The publication of Eastman’s op-ed says a great deal about the state of Newsweek’s opinion section, which has become a clearinghouse for right-wing nonsense. But it also points to a larger crisis in journalism itself: The rise of the zombie publication, whose former legitimacy is used to launder extreme and conspiratorial ideas.

Even by the volatile standards of journalism in the twenty-first century, Newsweek’s recent problems are extraordinary. There are the usual issues: a sharp decline in print subscribers, Google and Facebook, the difficulty of running a mass-market general interest news magazine in an age of hyperpartisanship. But Newsweek has also been raided by the Manhattan district attorney’s office (a former owner and chief executive pleaded guilty to fraud and money laundering charges in February) and has been accused of deep ties to a shadowy Christian cult, amid many other scandals.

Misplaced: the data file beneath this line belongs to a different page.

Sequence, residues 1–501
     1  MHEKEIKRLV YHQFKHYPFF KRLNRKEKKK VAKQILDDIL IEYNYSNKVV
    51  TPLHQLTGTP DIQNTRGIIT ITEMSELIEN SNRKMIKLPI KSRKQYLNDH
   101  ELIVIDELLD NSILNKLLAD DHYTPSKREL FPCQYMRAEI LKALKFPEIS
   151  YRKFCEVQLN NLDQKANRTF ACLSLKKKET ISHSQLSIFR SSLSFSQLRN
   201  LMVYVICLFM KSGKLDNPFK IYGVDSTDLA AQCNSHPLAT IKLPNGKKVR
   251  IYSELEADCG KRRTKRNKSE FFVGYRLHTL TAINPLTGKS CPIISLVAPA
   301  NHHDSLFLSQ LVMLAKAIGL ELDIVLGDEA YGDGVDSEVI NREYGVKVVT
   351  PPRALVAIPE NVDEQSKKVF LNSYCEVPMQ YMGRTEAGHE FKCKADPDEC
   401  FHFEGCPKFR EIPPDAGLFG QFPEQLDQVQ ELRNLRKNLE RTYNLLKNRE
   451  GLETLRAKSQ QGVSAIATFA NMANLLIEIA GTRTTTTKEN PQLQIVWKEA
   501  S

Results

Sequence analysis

These controversies hollowed out Newsweek’s staff and its brand. Its clickbait-heavy approach, aimed at gaming search engines, has declined since it was spun off from parent company IBT Media in 2018. But it remains a publication that privileges the interests of Google over those of its hypothetical readers. While other publications are abandoning the “scale” model pioneered by BuzzFeed and others in favor of building a loyal audience and raking in subscriptions, Newsweek is something of a throwback. It has attempted to rebuild some of its credibility post-IBT by partnering with the Poynter Institute, but it still has a distinctly seamy vibe. Earlier this month, the magazine’s cover story was a glowing profile of Jared Kushner of all people, which dropped right before a raft of more critical coverage, including the revelation that the president’s son-in-law had secretly met with potential spoiler candidate Kanye West.